One of the most important journalistic lessons I learnt was at the feet of former editor, trainer and activist Mathatha Tsedu, who warned of the danger of using facts to distort the real story.
When news broke that President Jacob Zuma had fathered a child with a woman who wasn’t one of his wives, those around him defended him by saying he had not committed a crime.
In the popular soapie Generations, she is everyone’s favourite villain who would do anything to save her own skin, including committing murder.
I bumped into a former colleague the other day and I was dumbfounded by how idle chat about how he was doing very soon degenerated into how badly things had deteriorated at our former workplace.
I miss Steve Biko. I don’t know what he would have said had he been around or what political party he would be with.
For some South Africans, ours is a nation ever on the precipice. They can hardly find anything of value to say about it. These people exasperate FirstRand Bank founder Paul Harris.
There is a school of thought that says the South African government has a vested interest in keeping the majority in the same material position as they have always been.
Thabang Skwambane’s vision for what he wanted to do with his life, and for his nation and continent, was very clear when he decided to give up his life as an investment banker in London eight years ago. But despite that moment of clarity, he could not have foreseen how it would all pan out.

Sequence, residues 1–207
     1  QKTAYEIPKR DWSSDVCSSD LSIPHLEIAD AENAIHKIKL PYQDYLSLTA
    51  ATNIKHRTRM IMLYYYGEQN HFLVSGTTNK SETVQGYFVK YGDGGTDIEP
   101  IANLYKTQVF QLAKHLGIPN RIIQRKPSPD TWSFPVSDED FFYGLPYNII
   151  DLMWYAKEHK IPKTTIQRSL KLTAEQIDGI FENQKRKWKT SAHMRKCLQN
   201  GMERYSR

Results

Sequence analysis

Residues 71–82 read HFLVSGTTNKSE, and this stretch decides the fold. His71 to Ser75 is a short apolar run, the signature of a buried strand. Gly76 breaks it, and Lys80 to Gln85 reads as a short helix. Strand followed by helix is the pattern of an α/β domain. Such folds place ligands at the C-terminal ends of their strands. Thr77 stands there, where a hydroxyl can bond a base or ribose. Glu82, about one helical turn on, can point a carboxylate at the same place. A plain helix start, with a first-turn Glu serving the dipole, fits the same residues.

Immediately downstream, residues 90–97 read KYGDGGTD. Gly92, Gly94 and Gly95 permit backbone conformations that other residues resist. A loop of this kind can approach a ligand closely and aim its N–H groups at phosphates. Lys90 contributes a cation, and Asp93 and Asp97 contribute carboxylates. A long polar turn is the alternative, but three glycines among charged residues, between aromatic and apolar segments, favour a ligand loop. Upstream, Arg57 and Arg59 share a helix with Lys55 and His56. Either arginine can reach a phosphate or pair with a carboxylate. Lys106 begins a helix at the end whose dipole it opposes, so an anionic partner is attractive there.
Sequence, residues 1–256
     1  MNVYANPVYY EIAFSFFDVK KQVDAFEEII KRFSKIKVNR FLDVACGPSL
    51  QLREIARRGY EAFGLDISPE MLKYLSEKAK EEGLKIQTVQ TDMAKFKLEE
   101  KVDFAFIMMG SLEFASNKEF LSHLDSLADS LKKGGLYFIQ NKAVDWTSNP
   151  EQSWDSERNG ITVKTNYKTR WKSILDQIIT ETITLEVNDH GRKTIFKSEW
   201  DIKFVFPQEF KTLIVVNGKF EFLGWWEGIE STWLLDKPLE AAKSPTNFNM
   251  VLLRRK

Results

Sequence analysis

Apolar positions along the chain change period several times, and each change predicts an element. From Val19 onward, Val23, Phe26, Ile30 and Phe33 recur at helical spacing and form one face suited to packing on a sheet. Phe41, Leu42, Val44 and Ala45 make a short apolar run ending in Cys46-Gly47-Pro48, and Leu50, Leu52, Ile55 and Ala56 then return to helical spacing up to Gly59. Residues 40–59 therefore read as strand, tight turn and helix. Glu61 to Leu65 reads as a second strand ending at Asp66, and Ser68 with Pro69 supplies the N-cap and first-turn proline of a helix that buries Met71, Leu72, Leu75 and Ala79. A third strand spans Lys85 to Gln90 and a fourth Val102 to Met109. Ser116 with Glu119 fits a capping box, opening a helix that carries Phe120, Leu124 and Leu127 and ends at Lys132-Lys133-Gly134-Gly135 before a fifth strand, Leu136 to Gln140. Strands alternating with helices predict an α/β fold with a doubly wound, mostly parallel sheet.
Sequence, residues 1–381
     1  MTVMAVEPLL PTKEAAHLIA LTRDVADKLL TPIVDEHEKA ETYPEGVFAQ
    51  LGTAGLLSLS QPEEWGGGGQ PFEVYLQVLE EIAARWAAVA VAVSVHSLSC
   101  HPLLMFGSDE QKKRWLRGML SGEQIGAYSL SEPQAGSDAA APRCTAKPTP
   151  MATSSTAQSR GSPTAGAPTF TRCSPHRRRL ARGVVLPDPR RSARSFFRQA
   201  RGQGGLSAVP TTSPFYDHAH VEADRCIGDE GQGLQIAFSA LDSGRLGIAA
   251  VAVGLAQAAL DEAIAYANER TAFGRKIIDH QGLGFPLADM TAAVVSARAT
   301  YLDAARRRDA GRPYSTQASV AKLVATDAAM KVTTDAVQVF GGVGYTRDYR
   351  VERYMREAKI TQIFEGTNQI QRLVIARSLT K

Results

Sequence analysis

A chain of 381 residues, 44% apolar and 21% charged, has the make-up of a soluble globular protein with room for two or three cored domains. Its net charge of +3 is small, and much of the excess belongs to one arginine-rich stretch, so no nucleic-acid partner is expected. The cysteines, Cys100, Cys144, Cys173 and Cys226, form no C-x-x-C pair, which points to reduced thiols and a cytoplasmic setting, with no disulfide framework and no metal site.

It’s not often that I am stung by criticism of what I write. I tell aspirant journalists and columnists that they must never take things personally.
Linda Twala calls himself a son of Alexandra, the township north of Joburg. If he liked, he could as well call himself its groom, chief town crier and local Samaritan.
The controversy around Khanyi Dhlomo’s loan has a lot more to do with the fascination and sometimes sheer jealousy that many harbour towards the wealthy.
It was inevitable that in the wake of the killing of the 34 mine workers near the Lonmin Marikana platinum mine by South African Police Service members, there would be comparisons with other state-led mass killings.
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Could you please calm down and crawl back into the beds and couches from whence you came? Yes, I’m talking to you.
It should be increasingly difficult for South Africa’s top executives to justify their enormous pay packages, given the furore over excessive pay, the country’s high level of unemployment, and the huge disparity between the highest- and lowest-paid employees at companies.